The following example uses the scale strategy to continue searching until the solution is found, which can deal with errors in the data, and will parallelize the algorithm in 8 threads:

sage -python solve -c secp256k1 -f scale -p 8 sample_input.txt

If you wish to write your own script to use our functions as a library, here is a small custom Python script that shows how to invoke the relevant functions to compute the secret key for some randomly generated data:

from ecdsa_hnp import ECDSA, ECDSASolver,make_klen_list

if  __name__=='__main__':
    k = 252
    m = 70
    ecdsa = ECDSA(nbits=256)
    lines, k_list, d = ecdsa.sample(m,make_klen_list(k,m))
    solver = ECDSASolver(ecdsa,lines,m=m)
    key, res = solver("bkz-enum")
    if res.success:

Implemented Algorithms

Our algorithms solve the unique shortest vector problem augmented with a predicate. Using Kannan's embedding this enables to solve bounded distance decoding augmented with a predicate.

  • Enumeration with Predicate: This algorithm performs lattice-point enumeration within a ball of radius R, for each point v found it checks whether the predicate f(⋅) holds, i.e. if f(v) = 1.

  • Sieving with Predicate: This algorithm performs lattice sieving followed by a check for points v of norm bounded by (4/3)^(1/2) ⋅ gh(Λ) whether the predicate f(⋅) holds, i.e. if f(v) = 1.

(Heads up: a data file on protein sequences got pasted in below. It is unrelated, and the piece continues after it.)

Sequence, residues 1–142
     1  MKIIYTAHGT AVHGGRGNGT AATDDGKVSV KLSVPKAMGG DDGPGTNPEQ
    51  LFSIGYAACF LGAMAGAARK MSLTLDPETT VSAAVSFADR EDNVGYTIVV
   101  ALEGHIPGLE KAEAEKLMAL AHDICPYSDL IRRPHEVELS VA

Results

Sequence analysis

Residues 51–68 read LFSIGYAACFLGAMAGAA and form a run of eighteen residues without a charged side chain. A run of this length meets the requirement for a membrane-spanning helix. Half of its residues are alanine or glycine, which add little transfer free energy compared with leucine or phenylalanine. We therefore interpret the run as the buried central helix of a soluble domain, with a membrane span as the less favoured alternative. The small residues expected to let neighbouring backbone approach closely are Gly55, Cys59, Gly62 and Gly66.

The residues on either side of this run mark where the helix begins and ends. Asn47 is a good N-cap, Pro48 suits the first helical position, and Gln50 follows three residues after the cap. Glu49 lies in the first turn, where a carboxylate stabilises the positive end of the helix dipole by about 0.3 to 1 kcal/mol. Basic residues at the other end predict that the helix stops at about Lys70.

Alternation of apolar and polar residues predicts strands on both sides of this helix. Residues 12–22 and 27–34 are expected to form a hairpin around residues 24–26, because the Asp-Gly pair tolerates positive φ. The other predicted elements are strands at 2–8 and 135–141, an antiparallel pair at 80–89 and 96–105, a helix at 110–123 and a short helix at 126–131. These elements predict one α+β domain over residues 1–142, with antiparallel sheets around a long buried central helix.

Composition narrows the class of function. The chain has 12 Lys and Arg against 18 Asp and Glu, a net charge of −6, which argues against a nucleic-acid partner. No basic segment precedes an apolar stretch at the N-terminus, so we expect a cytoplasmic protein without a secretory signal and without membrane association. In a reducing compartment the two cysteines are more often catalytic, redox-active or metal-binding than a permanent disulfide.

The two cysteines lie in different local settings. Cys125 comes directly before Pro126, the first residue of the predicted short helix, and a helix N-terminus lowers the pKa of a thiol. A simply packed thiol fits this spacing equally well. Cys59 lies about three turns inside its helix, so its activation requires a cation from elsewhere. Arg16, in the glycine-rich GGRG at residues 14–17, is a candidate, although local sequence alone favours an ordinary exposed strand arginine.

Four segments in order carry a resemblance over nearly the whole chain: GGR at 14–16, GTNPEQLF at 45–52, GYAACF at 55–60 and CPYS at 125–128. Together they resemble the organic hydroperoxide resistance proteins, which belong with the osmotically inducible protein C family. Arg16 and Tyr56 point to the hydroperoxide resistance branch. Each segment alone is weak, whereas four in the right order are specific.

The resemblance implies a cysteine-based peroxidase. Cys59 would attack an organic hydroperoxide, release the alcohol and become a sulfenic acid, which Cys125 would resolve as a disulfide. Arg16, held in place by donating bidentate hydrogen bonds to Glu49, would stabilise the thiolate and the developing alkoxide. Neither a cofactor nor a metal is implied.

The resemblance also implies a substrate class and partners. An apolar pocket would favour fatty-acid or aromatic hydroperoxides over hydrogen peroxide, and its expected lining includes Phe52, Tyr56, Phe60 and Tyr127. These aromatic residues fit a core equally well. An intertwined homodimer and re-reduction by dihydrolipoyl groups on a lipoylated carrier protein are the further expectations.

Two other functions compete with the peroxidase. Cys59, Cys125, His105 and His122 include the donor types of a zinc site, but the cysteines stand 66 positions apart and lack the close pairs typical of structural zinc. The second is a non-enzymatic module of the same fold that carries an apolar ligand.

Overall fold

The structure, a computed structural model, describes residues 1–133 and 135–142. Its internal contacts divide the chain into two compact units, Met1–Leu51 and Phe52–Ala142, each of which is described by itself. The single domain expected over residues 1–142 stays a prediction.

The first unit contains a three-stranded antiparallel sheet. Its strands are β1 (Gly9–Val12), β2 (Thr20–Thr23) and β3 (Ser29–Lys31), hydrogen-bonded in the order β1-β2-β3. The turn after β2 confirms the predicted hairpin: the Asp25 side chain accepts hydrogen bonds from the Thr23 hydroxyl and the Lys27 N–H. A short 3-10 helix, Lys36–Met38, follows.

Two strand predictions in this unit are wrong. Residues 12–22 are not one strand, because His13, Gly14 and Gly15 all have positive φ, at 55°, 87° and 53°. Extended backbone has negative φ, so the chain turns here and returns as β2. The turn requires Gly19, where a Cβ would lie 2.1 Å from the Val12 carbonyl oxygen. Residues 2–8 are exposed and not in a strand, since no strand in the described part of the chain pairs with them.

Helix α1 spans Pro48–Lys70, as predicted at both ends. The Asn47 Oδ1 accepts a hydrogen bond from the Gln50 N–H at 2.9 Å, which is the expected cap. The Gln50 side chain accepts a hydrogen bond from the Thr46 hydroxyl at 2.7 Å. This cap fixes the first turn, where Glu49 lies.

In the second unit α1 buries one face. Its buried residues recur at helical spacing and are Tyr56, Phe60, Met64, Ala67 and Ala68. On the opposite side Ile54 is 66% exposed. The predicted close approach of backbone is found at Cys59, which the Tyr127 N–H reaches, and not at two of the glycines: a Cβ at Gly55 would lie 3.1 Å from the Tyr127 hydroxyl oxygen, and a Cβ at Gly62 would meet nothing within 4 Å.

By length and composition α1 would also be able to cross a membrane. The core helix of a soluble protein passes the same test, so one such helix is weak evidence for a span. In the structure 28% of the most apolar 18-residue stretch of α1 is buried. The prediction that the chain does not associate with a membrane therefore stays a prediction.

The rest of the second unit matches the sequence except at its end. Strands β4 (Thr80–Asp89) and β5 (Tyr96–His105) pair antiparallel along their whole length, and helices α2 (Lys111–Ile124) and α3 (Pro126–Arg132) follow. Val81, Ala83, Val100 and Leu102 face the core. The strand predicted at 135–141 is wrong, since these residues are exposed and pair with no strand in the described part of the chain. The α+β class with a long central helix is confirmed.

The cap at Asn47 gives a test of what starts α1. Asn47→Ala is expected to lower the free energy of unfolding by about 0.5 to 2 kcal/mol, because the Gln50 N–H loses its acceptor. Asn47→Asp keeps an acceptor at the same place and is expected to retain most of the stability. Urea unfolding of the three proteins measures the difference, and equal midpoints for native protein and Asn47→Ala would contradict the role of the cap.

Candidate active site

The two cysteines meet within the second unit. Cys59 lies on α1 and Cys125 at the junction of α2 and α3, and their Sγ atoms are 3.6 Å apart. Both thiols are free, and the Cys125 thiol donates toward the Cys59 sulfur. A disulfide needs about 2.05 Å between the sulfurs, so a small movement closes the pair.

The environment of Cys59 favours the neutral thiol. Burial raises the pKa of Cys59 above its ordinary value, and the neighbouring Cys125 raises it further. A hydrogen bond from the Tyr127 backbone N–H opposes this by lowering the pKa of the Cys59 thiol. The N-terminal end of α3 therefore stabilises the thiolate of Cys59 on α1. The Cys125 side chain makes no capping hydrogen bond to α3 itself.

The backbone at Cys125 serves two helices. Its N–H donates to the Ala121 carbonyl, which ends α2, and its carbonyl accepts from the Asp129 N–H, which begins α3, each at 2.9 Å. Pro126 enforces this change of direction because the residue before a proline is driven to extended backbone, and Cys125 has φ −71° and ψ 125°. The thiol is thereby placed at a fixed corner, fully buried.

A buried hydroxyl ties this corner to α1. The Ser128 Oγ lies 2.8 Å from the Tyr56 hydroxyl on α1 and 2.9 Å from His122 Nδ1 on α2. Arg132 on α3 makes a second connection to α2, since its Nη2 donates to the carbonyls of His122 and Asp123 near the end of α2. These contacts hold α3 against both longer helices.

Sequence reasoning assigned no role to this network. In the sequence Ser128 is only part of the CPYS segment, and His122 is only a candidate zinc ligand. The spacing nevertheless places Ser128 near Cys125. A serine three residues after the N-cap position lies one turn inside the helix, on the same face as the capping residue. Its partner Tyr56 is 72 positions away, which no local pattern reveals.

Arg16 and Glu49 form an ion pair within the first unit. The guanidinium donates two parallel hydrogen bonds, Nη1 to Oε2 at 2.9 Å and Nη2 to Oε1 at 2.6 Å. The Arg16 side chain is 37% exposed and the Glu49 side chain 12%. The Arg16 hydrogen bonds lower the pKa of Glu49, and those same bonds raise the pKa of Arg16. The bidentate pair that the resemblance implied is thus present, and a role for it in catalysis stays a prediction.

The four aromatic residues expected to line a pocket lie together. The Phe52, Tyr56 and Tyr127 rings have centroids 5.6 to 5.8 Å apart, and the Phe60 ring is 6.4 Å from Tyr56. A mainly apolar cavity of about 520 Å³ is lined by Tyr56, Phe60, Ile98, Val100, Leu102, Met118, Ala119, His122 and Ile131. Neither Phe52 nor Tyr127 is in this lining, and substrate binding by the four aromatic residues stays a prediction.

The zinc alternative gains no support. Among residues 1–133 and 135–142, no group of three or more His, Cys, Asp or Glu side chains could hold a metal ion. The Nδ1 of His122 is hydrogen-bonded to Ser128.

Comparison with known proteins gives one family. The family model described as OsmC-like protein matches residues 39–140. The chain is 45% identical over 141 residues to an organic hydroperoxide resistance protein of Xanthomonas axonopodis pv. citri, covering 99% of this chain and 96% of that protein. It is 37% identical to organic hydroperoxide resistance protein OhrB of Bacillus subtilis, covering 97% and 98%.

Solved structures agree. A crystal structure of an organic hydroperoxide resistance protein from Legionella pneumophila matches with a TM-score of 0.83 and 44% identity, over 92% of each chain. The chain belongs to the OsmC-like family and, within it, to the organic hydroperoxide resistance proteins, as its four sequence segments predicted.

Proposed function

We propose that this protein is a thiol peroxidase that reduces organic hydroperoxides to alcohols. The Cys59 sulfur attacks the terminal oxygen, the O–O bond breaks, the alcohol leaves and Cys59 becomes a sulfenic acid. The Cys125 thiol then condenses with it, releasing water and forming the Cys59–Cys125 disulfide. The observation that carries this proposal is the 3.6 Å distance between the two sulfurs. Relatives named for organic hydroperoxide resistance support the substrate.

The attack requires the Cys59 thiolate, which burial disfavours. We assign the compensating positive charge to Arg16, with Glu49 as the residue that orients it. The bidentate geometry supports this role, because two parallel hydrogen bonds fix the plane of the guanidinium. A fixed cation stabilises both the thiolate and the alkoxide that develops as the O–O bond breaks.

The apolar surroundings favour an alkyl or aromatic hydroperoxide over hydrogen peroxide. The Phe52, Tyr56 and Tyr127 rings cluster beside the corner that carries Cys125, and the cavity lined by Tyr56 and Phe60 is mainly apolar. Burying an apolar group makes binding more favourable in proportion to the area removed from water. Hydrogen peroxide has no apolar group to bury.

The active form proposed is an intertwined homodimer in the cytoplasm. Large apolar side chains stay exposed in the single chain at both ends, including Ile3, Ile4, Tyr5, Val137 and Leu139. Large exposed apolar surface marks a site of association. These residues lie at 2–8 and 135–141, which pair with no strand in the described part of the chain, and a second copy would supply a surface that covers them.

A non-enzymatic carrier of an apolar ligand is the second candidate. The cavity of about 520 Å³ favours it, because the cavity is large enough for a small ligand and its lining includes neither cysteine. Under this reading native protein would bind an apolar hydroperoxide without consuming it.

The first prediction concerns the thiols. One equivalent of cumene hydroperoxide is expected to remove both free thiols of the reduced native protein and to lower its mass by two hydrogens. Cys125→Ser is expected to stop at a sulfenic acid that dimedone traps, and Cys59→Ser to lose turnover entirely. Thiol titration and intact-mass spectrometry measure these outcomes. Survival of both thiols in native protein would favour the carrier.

• BKZ with sieving or enumeration followed by a check for each point v in the output basis whether the predicate f(⋅) holds, i.e. if f(v) = 1.

How to Install/Run

This framework builds on

  • FPLLL and FPyLLL for datastructures and lattice-point enumeration, and
  • G6k for lattice sieving.

Using Conda/Manually

conda create -n bddp python=3.10
conda activate bddp
conda install -c conda-forge sage

# # It is generally not necessary to update FPLLL/FPyLLL

# git clone
# cd fplll
# autoreconf -i
# ./configure --prefix=$SAGE_LOCAL --disable-static
# make install
# cd ..

# git clone
# cd fpylll
# pip install -r requirements.txt
# pip install -r suggestions.txt
# python build
# python -q install
# cd ..
git clone
cd g6k
autoreconf -i
./configure --prefix=$SAGE_LOCAL --disable-static
pip install -r requirements.txt
python build
python -q install 
cd ..

Using Docker


docker run -ti --rm -v `pwd`:/bdd-predicate -w /bdd-predicate martinralbrecht/bdd-predicate

from the root directory of this repository will start SageMath with recent versions of FPLLL, FPyLLL and G6K installed. Our code is available under /bdd-predicate. Thus, e.g.

cd /bdd-predicate

will load it.


This work was supported by EPSRC grants EP/S020330/1, EP/S02087X/1, by the European Union Horizon 2020 Research and Innovation Program Grant 780701, Innovate UK grant AQuaSec, US NSF under grants no. 1513671, 1651344, and 1913210. Part of this work was done while the authors were visiting the Simons Institute for the Theory of Computing. Our experiments were carried out on Cisco UCS equipment donated by Cisco and housed at UCSD.


Solving BDD and uSVP with predicate